The Board of County Supervisors is set to decide Tuesday one of the most controversial land acquisition issues of this election year: whether to purchase a tract of land for a park in the Gainesville district.
The $626,617 purchase was put on hold over the past six weeks, effectively snuffing out a topic that had become fiercely politicized during preparations for the June 8 primary election. If the board approves the purchase, the new park will help satisfy the growing demand for recreational fields in western Prince William--a demand that residents voiced when they approved a 1998 bond referendum to finance the acquisition of a park site.
Both the Park Authority and the Planning Commission have endorsed the purchase.
The board's vote will also effectively close a chapter in the stormy tale of growth in Prince William that played itself out during the heated three-way Republican primary race last month.
The property off Sudley Road has been criticized by community activists and neighbors as having a host of potential problems, ranging from runoff from a septic facility that is scheduled to be built nearby to questions about power lines on the property. County and Park Authority officials also have asked for extra time to examine how the placement of the Route 234 Bypass would be affected by the site.
But the greatest controversy over the park has surrounded the relationship between Gainesville Supervisor Edgar S. Wilbourn III (R) and one of the couples who own the land, who were also one of Wilbourn's largest campaign contributors. The revelation caused Wilbourn's two GOP rivals to question his role in the decision-making process last spring. Wilbourn helped cut a list of 40 potential park sites down to six but left the final decision to the Park Authority, according to county officials.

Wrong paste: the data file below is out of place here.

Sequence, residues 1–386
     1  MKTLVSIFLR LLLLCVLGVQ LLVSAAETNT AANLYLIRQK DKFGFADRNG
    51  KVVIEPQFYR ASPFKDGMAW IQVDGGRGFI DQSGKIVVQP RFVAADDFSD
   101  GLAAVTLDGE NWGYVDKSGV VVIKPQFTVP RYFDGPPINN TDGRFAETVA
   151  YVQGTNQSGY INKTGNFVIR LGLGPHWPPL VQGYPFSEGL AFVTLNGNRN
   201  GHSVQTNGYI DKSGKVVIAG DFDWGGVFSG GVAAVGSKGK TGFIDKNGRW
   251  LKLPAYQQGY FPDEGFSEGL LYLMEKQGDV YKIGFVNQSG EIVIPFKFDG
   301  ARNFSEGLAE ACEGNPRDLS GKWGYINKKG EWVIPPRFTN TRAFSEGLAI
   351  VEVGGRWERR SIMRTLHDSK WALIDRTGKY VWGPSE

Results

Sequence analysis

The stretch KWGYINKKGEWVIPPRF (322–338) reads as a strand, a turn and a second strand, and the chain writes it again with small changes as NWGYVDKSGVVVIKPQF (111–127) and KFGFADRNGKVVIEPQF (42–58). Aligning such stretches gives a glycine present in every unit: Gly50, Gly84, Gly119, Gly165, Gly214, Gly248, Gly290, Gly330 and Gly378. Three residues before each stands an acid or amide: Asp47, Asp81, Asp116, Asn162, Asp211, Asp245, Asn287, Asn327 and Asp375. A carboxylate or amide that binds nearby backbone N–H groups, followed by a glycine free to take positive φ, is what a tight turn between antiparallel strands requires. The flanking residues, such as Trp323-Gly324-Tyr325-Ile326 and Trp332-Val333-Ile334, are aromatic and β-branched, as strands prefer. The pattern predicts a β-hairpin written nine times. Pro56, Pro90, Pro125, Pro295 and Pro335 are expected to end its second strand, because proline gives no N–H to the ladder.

The debate continued at the Park Authority meeting Wednesday, where members unanimously approved the purchase before a small crowd. Several people in attendance opposed the proposal on the grounds that physical and logistical realities--as well as health concerns--limit the potential of the site.
But the authority stressed the need for compromise amid a growing need for recreational space.
"I started out with significant reservations about the project," said Park Authority member Pete Ebert (At-Large). "I've come to the conclusion that in all reality . . . there isn't a piece of property that we can buy in that immediate area for the amount of money that we are under contract for."
A feasibility study of the land still must be completed, and the Park Authority has the option of pulling out of the land deal any time before Aug. 31, according to a proposal pushed through by Linda Meyer, Wilbourn's appointee on the Park Authority. Committee members said that if any major problems present themselves, the authority will not hesitate to stop the deal.
The decision also took into account a deal-sweetener: The sellers agreed to donate about 20 acres of the tract as right-of-way land for the 234 Bypass and reduced the sale price from $670,000.